Monday, November 12, 2018

And a hug around the neck

Thursday, Ben had the procedure to remove the cyst on the side of his neck. Thank you so much for all the good vibes, prayers and virtual hugs. He sailed through just fine and was back to his usual happy self when he woke up Friday morning. I'm still recovering.

Having a child undergo any medical procedure is scary, but it can feel even more intense when you have another child who's been through serious trauma: hospital PTSD is real. For me, the hardest part of the entire ordeal was holding it together for Ben and not seeming anxious. It's been nearly sixteen years since Max was born, and I was surprised by how potent the PTSD still is.

We were at the hospital—the one where Ben was born—at 8:00 a.m, for the MRI; they needed to do a scan to pinpoint the exact location and size of the cyst. We signed the papers. Turns out a machine part was broken, and so we waited. Poor Ben hadn't eaten since the evening before, and he kept asking for snacks. Then he got upset when we had to put the hospital pj's on. I cuddled with him and sang the first song that came to mind: 

I love you
A bushel and a peck
A bushel and a peck and a hug around the neck....

And I totally choked up "neck." Because oh, his sweet little neck with the lump in it. Because I was worried about the anesthesia and the procedure and him being in pain and all of it. I rubbed my eyes so Ben couldn't see my tears and I kept singing. Finally, the anesthesiologist arrived to give Ben a sedative so he wouldn't freak out about the anesthesia mask or even remember any of it. "It's like having two glasses of wine," she said. Too bad there was no such drugs for me. (I am planning to patent Mommy & Me Valium.)

Within a few minutes, Ben was woozy and very happy. As I carried him into the MRI room he murmured, "Is my bump gone?" When I laid his head down on the table, he looked downright giddy. The doctor and I sang the ABC song to him and he was out.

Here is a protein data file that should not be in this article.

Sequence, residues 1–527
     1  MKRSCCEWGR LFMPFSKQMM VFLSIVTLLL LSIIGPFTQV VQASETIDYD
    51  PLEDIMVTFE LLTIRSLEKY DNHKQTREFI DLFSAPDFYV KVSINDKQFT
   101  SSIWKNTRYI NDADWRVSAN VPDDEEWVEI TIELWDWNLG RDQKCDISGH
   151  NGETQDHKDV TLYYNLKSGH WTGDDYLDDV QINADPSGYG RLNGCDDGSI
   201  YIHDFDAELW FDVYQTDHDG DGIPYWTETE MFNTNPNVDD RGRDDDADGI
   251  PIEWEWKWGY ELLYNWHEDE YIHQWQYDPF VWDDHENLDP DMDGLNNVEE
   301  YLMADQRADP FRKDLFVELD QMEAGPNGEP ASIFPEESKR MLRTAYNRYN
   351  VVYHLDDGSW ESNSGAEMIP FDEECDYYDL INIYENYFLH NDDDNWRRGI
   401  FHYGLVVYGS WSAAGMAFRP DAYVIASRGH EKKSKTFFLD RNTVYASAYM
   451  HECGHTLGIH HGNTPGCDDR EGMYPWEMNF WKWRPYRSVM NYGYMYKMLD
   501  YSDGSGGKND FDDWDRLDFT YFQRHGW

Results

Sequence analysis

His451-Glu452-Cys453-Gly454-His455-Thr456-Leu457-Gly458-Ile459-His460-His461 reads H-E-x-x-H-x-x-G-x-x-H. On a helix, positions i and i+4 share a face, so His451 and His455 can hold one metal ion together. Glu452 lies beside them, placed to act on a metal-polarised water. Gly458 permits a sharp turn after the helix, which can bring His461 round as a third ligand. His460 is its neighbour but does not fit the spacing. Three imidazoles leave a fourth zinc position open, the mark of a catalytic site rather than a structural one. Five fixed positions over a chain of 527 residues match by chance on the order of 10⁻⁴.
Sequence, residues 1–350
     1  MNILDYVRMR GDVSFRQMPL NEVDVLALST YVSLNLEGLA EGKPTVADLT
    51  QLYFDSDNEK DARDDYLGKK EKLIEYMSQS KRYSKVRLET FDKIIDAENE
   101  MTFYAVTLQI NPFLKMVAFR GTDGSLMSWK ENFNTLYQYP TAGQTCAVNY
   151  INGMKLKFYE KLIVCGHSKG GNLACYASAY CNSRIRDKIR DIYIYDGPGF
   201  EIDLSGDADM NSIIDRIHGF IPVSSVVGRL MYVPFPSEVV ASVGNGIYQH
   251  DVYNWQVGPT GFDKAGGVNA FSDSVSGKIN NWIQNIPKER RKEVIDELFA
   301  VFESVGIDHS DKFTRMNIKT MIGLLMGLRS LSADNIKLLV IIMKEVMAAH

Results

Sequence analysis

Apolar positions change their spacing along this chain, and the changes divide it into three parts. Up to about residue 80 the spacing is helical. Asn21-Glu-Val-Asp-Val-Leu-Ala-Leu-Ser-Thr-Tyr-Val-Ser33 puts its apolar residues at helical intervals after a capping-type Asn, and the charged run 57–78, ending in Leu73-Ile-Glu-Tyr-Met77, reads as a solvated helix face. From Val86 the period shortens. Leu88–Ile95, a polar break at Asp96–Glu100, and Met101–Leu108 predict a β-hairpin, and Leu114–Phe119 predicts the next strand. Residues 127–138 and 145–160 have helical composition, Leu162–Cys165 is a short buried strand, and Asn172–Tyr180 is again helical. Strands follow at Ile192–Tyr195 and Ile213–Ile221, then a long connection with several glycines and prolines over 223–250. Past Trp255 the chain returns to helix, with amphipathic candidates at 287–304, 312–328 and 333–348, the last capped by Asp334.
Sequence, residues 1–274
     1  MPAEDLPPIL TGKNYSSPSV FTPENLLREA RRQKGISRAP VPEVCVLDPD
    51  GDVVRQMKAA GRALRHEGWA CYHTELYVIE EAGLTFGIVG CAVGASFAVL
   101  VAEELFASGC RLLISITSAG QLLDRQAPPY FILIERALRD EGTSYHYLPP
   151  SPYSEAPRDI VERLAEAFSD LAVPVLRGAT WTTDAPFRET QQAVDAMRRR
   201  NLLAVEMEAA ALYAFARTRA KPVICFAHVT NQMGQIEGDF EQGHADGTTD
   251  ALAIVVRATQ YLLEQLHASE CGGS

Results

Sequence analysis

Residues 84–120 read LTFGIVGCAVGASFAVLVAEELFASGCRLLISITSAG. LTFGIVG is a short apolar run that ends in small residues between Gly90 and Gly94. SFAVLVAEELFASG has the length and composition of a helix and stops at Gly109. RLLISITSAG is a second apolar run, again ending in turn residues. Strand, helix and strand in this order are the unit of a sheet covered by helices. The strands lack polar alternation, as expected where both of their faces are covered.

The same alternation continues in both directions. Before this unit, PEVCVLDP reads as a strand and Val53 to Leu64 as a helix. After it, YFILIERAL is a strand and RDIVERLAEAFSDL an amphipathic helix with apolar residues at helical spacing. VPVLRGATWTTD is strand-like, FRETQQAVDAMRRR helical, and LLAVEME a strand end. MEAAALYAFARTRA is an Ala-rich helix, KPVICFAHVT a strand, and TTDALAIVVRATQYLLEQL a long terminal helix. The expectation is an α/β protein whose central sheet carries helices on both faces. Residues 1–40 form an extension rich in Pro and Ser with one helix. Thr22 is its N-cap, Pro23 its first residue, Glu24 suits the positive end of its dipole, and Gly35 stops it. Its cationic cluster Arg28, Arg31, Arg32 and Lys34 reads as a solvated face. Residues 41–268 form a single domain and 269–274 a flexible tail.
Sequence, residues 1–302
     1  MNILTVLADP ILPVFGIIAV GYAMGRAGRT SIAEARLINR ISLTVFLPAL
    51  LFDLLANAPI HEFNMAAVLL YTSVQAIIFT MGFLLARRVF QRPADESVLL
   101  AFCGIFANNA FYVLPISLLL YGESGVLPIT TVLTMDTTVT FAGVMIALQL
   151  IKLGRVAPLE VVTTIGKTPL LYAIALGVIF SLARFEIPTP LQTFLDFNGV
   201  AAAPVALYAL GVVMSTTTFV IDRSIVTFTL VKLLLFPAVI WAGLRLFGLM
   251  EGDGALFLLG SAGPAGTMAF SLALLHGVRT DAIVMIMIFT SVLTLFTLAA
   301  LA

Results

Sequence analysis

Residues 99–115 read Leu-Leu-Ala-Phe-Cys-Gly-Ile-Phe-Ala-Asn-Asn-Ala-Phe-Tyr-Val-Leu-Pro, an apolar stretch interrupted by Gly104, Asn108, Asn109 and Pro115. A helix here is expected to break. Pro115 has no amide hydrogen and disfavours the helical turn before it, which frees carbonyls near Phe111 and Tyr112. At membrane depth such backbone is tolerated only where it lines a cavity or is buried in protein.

"Mom, you have to leave now," the anesthesiologist said, firmly. I forced myself to walk out of the room and I burst into tears. I didn't just see Ben lying there on the MRI table. I saw Max lying in my arms in a hospital bed the day after he was born and turning blue. I saw Max lying in an incubator in the NICU, unconscious, with tubes hooked up everywhere. I saw Max lying in a hospital bed after he'd had a grand mal seizure at age 15 months. I saw Max lying on a gurney at age 8, knocked out so he could get Botox injections to loosen up his hands. 

I didn't want to sit in the waiting room with hordes of other anxious people, so Dave and I found a couple of seats in a hallway and we settled in. Two hours later, we found out that Ben was headed into surgery. I distracted myself with Facebook and magazines and I non-distracted myself by repeatedly asking Dave what he thought was going on in the OR. A patient manager came by to say everything was going well, and when I got all teary I explained that we had an older child with disabilities who'd been through a lot when he was born. She nodded. "You never know what people have been through," she said.